Mr Davies said it was difficult to say anything categorical about European Monetary Union. It was not clear who would qualify or who would choose to go ahead and join if they did meet the Maastricht criteria.
''I thought the EMU qualifying criteria were complex until I read the rules on getting through to the quarter finals of Euro 96. The organisers obviously hired the team who drafted the Maastricht Treaty,'' he added, in a reference to the real burning issue at yesterday's annual currency dealers' conference.
Slow growth was putting both France's and Germany's prospects for qualifying - for Emu, that is - in doubt, he said.
In an aside from his keynote speech about England's prospects at Wembley tomorrow night, keen Manchester City fan Mr Davies said that 9 per cent of London's foreign exchange turnover was trade between the German mark and other European currencies. Some of this would disappear under a single currency, even though volumes traded between the euro and other currencies might make up some of the loss.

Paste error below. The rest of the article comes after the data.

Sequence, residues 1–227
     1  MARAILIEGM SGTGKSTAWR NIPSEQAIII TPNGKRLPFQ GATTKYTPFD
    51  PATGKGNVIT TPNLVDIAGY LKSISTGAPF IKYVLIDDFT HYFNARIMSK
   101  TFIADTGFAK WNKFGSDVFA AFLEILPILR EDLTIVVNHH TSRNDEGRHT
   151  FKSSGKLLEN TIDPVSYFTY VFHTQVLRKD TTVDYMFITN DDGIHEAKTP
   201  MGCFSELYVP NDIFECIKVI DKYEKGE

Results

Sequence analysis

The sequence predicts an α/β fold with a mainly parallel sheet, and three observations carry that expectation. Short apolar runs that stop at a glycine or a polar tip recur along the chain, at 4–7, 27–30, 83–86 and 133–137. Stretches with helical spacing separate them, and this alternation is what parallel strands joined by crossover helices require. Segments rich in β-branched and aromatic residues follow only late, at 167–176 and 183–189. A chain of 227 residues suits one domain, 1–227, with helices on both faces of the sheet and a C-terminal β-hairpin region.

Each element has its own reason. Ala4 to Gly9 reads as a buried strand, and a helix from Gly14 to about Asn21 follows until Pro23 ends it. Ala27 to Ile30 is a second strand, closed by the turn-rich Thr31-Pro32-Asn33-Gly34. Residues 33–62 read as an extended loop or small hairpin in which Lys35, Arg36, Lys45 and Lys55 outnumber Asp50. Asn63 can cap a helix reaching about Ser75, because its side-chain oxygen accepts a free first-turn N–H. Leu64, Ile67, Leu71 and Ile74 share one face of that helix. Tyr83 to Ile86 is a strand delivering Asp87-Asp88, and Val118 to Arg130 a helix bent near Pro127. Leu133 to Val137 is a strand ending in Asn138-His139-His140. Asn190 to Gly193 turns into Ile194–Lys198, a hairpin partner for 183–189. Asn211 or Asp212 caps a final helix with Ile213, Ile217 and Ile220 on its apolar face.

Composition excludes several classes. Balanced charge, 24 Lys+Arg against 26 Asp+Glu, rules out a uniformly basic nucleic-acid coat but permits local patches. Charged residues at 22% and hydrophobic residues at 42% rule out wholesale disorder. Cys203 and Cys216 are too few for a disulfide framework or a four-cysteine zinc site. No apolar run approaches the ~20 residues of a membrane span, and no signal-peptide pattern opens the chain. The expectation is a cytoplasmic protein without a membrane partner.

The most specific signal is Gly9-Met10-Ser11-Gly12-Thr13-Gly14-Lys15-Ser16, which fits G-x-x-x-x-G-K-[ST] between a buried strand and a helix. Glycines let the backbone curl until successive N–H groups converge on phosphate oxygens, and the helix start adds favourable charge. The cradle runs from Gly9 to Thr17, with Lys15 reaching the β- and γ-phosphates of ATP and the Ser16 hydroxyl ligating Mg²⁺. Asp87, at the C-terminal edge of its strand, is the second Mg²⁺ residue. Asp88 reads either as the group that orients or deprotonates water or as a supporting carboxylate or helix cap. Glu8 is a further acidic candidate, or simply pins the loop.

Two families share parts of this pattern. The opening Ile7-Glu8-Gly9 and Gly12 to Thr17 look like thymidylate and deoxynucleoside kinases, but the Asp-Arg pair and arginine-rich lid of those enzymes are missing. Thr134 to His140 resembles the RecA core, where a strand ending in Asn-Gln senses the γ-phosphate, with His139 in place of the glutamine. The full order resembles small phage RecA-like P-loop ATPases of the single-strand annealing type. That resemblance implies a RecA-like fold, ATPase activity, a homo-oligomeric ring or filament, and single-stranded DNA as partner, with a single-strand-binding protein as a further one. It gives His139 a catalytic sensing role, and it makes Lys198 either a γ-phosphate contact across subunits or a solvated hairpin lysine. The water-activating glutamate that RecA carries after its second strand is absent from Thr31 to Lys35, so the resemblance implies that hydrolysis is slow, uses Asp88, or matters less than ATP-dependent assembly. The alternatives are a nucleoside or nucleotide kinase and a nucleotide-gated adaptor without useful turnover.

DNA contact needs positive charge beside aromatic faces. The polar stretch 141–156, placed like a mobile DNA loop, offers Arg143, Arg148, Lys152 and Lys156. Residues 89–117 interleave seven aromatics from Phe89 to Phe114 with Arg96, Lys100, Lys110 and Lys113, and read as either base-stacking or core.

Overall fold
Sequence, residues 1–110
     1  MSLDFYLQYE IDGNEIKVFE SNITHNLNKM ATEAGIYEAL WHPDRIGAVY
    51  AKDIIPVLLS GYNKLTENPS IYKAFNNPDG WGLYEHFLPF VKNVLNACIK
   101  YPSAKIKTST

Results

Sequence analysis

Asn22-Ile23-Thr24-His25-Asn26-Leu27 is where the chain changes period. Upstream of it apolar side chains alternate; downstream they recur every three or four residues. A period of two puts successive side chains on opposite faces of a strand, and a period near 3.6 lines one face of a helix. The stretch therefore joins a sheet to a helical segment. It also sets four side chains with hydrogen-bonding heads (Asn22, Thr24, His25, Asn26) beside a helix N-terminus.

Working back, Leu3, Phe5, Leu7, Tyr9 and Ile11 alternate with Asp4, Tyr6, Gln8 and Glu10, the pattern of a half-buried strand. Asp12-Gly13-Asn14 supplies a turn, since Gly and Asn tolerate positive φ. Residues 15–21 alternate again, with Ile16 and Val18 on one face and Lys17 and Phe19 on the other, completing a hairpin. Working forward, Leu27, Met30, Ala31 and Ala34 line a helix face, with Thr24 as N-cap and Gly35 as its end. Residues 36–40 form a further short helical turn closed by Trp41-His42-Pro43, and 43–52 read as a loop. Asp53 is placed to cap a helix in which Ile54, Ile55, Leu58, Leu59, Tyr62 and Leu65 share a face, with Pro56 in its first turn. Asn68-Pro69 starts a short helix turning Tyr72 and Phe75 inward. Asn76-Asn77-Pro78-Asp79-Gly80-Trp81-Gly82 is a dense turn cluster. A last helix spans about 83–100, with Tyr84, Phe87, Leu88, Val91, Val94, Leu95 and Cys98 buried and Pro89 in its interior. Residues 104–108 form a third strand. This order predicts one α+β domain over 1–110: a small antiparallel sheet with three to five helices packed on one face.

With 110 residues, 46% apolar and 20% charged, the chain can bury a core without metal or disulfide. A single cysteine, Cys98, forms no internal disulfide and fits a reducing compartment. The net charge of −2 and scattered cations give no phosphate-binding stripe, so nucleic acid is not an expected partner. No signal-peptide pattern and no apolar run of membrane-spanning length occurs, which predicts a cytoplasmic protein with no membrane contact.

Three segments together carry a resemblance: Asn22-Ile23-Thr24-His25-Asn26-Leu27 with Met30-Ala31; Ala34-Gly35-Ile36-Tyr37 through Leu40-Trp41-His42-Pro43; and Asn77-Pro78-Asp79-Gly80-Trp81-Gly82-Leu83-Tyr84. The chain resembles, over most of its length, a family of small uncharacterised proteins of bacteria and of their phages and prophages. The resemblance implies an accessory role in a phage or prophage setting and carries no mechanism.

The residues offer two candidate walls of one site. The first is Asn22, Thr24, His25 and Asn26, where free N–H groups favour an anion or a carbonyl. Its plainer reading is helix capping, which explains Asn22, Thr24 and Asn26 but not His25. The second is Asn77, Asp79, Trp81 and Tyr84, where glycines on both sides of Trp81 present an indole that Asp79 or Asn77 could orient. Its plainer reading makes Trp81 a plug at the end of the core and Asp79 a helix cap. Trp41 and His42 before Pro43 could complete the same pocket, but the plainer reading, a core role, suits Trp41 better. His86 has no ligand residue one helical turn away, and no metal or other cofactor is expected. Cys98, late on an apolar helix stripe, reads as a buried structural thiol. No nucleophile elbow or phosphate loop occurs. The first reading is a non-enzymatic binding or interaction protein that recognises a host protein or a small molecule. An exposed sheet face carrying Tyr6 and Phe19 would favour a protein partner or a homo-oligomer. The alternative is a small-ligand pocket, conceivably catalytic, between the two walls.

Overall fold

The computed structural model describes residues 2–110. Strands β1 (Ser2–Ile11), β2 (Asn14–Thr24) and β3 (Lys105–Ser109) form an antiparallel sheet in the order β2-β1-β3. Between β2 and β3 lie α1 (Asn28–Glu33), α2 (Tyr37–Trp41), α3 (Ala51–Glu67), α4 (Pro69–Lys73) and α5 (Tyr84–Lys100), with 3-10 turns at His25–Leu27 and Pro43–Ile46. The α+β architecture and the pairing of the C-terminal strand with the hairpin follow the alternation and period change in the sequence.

Paris and Frankfurt would stand to lose a greater proportion of their business, at 24 per cent and 12 per cent respectively. London's relative advantage might therefore increase.
If the UK stayed outside the single currency, only 4 per cent of the City's currency trading business would be at risk, but Paris would stand to lose 24 per cent and Frankfurt 11 per cent.